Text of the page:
However there are some websites were users are happy to hand over personal information, examples of these include social media. The user on social media is deliberately choosing to provide this information to the service. That's why it makes sense that Sign-in with Apple is not mandatory, since the service will be privy to the private information anyway. That's not a weakness in Apple's position, it's the reality that social media sites are designed to collect information about their users for the sake of selling advertising - that's not something Apple can change, but it is certainly something they are limiting once the user leaves the social media website.
    watto_cobra
  • Reply 3 of 3
    cornchipcornchip Posts: 1,862member
    cornchip said:
    Social media apps are exempt? Well that seems lame. As well as not having to implement till middle of next year. I was really looking fwd to this feature. Now, looks like probably none of the apps I use will even be required to use it..
    The notice helped clarify what are a lot of common-sense exclusions.

    The function of the Sign in with Apple service is that it allows a user to not disclose their personal information for the many websites which arbitrarily request an account to be made. These websites seldomly provide anything in return for providing the personal information - it's used purely for their marketing/tracking.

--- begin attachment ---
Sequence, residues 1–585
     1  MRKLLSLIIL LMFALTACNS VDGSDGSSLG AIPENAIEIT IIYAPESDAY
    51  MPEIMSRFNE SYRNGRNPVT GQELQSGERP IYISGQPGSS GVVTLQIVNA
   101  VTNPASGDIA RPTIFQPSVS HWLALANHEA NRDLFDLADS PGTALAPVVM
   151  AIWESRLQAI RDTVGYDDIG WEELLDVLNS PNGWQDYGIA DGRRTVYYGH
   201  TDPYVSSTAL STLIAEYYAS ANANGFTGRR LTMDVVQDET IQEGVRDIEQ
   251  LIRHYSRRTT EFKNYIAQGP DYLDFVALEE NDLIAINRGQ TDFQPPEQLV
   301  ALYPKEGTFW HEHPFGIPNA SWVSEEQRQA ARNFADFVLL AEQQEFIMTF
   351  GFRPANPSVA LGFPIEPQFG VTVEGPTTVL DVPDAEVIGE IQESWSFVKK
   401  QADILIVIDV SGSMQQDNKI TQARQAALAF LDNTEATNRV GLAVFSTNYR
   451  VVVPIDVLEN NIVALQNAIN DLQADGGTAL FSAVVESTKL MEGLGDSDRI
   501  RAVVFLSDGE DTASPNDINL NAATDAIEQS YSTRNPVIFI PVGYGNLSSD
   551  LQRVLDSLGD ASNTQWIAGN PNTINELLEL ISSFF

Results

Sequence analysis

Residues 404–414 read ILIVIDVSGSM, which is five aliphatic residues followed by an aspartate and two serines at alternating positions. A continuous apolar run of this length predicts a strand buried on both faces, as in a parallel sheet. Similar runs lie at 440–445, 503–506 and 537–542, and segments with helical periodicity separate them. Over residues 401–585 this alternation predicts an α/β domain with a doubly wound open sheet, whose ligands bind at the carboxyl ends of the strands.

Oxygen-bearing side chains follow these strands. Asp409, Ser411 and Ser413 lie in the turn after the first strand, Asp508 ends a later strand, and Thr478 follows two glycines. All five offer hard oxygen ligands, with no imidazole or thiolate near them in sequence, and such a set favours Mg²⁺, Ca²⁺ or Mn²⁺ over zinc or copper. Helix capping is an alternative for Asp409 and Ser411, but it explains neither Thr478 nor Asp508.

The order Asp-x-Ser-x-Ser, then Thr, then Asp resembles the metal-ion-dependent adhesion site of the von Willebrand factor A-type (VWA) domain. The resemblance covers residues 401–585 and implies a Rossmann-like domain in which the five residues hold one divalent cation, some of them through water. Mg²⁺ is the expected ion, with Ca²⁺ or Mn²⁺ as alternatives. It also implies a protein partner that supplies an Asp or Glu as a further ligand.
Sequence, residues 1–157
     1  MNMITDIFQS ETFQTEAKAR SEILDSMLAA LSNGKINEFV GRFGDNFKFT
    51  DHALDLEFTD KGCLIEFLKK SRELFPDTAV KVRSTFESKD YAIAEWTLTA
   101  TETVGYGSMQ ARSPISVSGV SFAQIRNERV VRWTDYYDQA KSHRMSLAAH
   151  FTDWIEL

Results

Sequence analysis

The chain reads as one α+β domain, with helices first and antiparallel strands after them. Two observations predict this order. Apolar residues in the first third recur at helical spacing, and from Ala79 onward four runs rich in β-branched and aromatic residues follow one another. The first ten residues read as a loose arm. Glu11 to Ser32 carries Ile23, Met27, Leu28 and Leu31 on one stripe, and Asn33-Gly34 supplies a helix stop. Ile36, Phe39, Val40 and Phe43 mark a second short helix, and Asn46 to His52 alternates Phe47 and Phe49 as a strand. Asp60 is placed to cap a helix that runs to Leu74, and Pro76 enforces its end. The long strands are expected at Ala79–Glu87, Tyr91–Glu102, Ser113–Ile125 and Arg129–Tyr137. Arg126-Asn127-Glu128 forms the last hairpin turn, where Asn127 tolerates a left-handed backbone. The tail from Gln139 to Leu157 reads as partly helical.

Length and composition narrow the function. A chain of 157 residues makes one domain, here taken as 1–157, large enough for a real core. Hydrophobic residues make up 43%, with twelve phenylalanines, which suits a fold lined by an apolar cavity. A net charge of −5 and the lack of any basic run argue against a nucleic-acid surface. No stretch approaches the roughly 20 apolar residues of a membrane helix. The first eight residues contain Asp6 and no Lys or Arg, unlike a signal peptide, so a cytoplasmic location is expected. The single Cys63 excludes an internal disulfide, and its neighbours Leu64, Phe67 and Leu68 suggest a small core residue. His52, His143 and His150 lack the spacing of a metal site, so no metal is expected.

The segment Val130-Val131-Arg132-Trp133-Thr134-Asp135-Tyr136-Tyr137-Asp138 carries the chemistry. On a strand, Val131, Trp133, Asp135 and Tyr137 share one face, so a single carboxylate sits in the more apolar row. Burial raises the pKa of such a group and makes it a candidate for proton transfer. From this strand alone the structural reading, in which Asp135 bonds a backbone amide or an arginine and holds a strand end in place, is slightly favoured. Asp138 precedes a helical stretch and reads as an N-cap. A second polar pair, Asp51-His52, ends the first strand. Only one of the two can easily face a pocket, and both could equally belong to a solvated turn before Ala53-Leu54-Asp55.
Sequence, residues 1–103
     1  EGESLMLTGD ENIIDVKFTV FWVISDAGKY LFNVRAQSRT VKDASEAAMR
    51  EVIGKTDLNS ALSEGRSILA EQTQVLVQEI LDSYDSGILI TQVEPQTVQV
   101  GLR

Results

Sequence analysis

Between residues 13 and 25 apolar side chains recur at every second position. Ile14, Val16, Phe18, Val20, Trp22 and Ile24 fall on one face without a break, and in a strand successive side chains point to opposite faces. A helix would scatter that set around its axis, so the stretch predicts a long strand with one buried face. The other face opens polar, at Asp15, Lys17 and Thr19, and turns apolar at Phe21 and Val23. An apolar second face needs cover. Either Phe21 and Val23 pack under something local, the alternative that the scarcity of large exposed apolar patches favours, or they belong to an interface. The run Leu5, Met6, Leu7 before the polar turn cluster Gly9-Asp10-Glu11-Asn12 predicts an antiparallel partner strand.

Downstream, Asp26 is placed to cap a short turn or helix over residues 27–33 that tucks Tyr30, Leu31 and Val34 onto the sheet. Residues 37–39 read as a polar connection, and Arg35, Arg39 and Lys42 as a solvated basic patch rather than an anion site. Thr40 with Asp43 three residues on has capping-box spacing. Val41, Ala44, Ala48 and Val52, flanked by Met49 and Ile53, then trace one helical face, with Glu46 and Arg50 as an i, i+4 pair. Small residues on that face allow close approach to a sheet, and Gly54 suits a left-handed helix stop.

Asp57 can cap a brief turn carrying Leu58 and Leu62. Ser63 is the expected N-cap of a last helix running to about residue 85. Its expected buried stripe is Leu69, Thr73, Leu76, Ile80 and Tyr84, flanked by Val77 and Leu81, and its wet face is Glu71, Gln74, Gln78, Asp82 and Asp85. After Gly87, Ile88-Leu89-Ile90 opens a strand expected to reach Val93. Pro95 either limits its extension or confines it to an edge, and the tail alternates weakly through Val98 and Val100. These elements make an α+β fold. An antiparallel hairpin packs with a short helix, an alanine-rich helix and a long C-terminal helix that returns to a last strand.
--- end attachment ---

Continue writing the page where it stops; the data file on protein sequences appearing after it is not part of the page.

Facebook, Google, Twitter and others have realised that this was an opportunity to provide a low-friction sign-in service, which benefits them as they gain tracking data and further user insights. Users liked these options are they could quickly obtain access to a website. The compromise is that users were handing over more information than they are legitimately required to, something that adds up overtime. 

    However there are some websites were users are happy to hand over personal information, examples of these include social media. The user on social media is deliberately choosing to provide this information to the service. That's why it makes sense that Sign-in with Apple is not mandatory, since the service will be privy to the private information anyway. That's not a weakness in Apple's position, it's the reality that social media sites are designed to collect information about their users for the sake of selling advertising - that's not something Apple can change, but it is certainly something they are limiting once the user leaves the social media website.
    That’s fine, but when originally presented I was under the impression that any site or app that featured Facebook and/or Google login would be required to feature sign-in with Apple. I understand about schools & government  and all that, but now it’s looking like all these random social networking sites & apps like Nextdoor and letgo & dating apps will get a pass. Which I, think is LAME.
    FileMakerFellerwatto_cobra